Library Wars: Love & War, Volume 8 by Kiiro Yumi. Library Wars still isn’t as good as I want it to be, but I enjoy the manga enough to keep reading and I love the basic premise of the series. The resolution of book burning incident from previous volume is fairly anticlimactic, but as a result Iku finally realizes that Dojo is her prince. This gives Yumi plenty of opportunity to draw “jittery Iku” as Iku processes this development. The results are quite amusing. I’ve actually never been exceptionally fond of Iku as the main character (her incompetence as a librarian frustrates me), but she is growing on me and I appreciate her enthusiasm. Still, I tend to prefer almost any other character in Library Wars over Iku. I’m particularly fond of the romance developing between Tezuka and Shibasaki.

Otomen, Volumes 1-5 by Aya Kanno. Asuka Masamune is the epitome of manliness—strong, handsome, cool-headed, chivalrous. However, his hobbies, which he desperately tries to keep hidden, are less than manly. He loves cute things, sewing, cooking, and shōjo manga. Asuka is an otomen—a girly guy. Otomen relies heavily on gender expectations, stereotypes, shōjo tropes and cliches. Although the gender-bending nature of the characters and their interests are the source of the series’ humor, the manga doesn’t make fun of characters themselves. The series is lighthearted fun with the message that it’s okay to be who you are even when defies expectation. I am really enjoying Otomen and look forward to reading more.

Honey and Clover, Box Set 1 directed by Ken’ichi Kasai. I haven’t actually read the Honey and Clover manga, but I’ve heard great things about it and it’s anime adaptation. The series revolves around a group of friends who are students at an art college in Tokyo. We never really see their initial friendships develop, which makes me feel like I’m missing out on something. It is clear that their bonds are strong ones, though. Despite this, there is also a lot of loneliness in Honey and Clover. But there’s also plenty of humor, too, including the most epic game of Twister I’ve ever seen. While I’m not in a huge rush to finish the series, I did enjoy the time I spent with the characters of Honey and Clover. Their quirkiness is probably why I liked them so well.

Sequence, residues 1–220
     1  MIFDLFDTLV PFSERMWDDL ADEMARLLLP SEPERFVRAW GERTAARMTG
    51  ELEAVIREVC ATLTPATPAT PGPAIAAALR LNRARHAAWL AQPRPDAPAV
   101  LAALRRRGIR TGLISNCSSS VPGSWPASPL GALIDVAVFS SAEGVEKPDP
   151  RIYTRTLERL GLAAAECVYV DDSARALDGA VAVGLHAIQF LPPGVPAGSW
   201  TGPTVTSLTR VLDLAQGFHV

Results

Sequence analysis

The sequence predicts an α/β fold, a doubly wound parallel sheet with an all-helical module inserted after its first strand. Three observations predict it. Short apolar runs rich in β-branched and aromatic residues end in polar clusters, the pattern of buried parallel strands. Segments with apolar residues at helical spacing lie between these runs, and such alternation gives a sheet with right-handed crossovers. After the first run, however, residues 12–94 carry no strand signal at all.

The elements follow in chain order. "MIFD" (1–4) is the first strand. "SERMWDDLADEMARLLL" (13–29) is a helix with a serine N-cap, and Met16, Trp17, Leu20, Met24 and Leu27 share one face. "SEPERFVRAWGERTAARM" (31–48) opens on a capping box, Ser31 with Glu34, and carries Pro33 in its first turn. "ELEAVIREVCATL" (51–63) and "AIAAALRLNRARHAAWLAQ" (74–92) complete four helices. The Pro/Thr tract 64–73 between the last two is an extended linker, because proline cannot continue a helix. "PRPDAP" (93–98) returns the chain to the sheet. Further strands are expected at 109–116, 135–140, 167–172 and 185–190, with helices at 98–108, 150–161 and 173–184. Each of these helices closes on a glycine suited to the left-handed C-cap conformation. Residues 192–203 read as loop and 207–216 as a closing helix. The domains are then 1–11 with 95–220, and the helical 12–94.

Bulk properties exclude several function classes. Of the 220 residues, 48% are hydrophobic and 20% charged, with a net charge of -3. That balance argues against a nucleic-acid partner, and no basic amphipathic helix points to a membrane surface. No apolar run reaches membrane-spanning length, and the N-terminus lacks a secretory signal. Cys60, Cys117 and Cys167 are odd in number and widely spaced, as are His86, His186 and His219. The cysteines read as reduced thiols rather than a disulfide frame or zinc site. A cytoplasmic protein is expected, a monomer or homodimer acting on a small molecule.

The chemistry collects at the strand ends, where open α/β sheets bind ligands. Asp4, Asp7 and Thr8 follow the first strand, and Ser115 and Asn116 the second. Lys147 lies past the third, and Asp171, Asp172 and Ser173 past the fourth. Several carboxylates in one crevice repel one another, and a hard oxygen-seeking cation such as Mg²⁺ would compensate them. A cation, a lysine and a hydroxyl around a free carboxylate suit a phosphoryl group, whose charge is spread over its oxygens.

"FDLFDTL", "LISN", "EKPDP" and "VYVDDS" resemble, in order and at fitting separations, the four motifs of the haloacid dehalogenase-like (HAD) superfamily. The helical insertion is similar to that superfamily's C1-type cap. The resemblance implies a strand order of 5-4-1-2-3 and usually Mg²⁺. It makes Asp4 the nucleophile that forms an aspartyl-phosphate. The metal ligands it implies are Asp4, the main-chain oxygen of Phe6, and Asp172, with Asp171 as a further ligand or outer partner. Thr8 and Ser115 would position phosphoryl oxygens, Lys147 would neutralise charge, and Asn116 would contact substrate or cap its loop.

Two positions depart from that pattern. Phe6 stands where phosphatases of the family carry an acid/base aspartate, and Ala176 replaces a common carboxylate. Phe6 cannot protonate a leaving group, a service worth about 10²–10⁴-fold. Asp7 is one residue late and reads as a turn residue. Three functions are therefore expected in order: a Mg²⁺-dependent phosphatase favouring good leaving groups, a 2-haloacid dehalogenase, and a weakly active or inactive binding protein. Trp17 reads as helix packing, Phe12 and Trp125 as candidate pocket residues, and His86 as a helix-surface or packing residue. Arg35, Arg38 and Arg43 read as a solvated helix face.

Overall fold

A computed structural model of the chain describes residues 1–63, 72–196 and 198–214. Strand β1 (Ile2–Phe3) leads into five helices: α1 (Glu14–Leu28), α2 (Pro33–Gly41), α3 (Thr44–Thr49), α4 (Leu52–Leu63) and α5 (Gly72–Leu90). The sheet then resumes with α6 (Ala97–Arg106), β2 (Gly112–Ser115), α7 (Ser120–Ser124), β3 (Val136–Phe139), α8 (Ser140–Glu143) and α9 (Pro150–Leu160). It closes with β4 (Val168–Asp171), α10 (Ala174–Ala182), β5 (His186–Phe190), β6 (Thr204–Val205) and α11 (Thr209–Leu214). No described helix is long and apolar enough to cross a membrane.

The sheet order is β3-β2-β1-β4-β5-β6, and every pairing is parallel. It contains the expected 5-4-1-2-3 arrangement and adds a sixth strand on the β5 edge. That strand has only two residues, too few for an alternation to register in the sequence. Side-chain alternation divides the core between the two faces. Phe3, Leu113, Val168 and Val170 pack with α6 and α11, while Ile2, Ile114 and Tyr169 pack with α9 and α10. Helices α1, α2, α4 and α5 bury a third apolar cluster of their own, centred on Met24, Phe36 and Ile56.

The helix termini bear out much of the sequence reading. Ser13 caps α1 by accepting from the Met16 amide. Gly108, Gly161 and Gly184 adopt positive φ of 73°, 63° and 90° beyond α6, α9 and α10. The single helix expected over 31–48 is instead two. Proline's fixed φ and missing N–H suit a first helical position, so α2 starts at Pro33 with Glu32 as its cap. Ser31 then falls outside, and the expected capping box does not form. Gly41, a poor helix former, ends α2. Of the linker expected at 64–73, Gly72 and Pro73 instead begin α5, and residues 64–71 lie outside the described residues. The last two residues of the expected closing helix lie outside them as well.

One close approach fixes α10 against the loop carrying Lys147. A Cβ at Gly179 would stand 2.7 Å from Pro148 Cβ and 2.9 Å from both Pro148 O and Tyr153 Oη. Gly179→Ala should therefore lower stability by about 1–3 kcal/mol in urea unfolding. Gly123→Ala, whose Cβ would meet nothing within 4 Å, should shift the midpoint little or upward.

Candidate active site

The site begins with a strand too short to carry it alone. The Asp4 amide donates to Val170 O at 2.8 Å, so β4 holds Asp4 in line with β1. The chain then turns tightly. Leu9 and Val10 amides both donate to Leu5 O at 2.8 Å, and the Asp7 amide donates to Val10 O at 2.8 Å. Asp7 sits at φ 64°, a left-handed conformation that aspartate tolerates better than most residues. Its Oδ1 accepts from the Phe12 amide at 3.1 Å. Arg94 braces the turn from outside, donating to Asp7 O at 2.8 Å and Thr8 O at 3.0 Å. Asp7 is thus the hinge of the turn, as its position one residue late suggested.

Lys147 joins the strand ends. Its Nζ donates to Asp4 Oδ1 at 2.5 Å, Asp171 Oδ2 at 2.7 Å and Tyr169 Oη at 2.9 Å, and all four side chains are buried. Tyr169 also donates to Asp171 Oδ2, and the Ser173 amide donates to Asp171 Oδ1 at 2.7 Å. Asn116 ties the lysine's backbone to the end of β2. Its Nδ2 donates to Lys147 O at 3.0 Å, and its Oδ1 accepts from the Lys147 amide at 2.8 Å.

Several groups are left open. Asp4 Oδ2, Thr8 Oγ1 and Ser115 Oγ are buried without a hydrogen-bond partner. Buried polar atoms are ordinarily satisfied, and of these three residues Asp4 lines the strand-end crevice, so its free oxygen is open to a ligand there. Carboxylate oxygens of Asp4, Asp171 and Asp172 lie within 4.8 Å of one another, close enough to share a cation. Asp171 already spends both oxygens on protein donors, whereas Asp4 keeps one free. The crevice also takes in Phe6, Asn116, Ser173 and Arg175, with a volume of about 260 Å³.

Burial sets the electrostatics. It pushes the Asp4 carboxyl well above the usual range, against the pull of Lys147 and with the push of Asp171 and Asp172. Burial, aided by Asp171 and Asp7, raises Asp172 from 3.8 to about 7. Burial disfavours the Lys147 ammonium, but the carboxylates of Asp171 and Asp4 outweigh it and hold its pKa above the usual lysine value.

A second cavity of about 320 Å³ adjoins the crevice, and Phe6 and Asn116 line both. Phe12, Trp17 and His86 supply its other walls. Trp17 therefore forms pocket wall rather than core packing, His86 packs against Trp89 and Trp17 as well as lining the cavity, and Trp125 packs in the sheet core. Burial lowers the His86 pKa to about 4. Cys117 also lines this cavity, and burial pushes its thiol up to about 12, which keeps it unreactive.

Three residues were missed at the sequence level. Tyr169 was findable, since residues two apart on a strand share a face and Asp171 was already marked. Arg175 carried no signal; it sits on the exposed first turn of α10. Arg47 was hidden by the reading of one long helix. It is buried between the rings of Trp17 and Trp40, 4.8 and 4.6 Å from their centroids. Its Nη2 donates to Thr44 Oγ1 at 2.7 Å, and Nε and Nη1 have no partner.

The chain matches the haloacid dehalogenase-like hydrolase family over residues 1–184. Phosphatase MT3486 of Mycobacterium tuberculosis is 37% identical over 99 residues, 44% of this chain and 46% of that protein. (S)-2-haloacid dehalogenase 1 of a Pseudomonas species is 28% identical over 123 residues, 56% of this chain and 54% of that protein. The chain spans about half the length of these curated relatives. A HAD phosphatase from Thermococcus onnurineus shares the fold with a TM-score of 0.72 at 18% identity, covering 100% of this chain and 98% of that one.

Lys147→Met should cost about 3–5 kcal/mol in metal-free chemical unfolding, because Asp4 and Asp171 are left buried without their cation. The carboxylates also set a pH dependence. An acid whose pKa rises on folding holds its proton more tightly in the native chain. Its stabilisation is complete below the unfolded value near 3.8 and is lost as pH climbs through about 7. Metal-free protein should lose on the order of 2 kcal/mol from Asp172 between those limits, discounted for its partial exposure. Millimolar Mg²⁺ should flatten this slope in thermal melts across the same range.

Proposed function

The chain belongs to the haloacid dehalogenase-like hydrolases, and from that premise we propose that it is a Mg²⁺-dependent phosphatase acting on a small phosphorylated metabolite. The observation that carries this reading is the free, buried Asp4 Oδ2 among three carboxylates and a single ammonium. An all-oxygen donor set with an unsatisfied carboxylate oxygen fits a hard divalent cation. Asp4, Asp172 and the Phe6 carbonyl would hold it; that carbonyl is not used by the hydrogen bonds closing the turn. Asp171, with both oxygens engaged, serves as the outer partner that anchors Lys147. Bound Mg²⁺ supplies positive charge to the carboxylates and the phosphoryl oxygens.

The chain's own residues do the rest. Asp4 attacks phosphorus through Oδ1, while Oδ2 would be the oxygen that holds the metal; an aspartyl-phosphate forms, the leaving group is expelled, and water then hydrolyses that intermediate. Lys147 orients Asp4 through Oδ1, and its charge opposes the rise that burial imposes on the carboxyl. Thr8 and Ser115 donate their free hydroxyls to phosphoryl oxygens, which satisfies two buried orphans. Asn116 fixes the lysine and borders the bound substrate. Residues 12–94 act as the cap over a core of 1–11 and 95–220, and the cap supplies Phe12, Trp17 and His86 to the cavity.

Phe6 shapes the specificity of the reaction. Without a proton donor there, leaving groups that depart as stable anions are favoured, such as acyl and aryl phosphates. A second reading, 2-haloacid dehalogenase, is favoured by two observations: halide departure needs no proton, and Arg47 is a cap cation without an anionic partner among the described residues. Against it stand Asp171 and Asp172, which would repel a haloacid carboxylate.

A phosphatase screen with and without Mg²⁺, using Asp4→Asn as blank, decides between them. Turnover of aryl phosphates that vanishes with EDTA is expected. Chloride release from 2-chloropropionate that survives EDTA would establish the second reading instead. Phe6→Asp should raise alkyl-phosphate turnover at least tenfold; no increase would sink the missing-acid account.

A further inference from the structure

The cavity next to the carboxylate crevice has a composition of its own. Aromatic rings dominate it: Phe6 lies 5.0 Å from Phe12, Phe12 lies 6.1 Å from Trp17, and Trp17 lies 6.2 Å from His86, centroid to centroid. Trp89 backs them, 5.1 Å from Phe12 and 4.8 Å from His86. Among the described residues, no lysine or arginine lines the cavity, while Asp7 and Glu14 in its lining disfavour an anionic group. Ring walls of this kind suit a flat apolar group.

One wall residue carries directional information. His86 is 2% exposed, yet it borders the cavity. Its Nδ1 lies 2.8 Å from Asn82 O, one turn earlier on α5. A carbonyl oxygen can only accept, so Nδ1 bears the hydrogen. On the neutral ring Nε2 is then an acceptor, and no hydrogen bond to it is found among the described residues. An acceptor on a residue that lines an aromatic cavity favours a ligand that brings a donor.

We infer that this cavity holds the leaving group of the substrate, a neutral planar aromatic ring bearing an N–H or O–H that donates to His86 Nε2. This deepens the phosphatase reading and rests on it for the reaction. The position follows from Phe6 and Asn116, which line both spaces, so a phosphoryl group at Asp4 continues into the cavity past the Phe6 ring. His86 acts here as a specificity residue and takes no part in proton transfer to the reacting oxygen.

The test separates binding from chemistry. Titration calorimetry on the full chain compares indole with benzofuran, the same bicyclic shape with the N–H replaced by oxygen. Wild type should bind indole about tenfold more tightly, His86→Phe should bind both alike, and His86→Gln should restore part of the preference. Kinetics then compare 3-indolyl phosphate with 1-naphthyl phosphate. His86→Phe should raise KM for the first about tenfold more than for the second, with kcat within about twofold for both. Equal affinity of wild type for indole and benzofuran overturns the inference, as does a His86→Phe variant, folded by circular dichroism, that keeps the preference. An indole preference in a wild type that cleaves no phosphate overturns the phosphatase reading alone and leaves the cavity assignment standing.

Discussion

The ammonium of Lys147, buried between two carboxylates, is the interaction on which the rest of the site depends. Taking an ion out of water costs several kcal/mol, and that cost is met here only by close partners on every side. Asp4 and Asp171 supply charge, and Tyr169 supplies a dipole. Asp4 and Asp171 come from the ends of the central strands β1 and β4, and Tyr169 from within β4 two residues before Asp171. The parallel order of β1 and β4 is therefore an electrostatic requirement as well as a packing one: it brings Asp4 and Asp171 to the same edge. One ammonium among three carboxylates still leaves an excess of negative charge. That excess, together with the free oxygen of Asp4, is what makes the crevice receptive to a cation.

Manga Giveaway: Crazy Karate Contest Winner

And the winner of my first ever manga giveaway is…PB!

As the winner of the Crazy Karate Contest, PB will be receiving a free copy of Rumiko Takahashi’s Ranma 1/2, Volume 11: Creative Cures.

Thank you to everyone who participated in the contest and got the word out to others; it is greatly appreciated. I hope to do more giveaways in the future and see an even bigger response. In the meantime, those of you who enter have a really good chance of winning some free manga.

So, this contest was about naming some martial arts manga and martial artist manga characters. Here’s what we came up with:

Samejima Ranmaru from Kazuma Kodaka’s yaoi series Kizuna: Bonds of Love is a skilled kendōka. Kendo is a martial art based on traditional Japanese sword fighting with a history dating back to at least the 12th century.

Asuka Masamune, “the manliest of men,” from Aya Kanno’s romantic shōjo comedy Otomen also studies kendo. He’s the captain of his team and has gone on to compete in the national championship tournament. He also excels at judo, a martial art that focuses on throwing and grappling, and karate.

In Yuu Watase’s Fushigi Yûgi: Genbu Kaiden, another shōjo series, Takiko Okuda is very competent with a naginata, a weapon that in Japan is generally associated with women, traditionally of the samurai class. A naginata is a pole weapon with a curved blade—sort of a mix between a short sword and a spear—that can be used to slash, stab, hook, or bludgeon an adversary.

Juline, the eponymous character of Narumi Kakinouchi’s Juline manga series, studies kung fu. A Chinese martial art, kung fu has a number of different styles that can vary widely from one another. I’m not familiar enough with Juline to identify which style is involved, but my dōjō offers training in both Hung Gar-Sil Lum (also known as the Tiger-Crane style) and Wing Chun.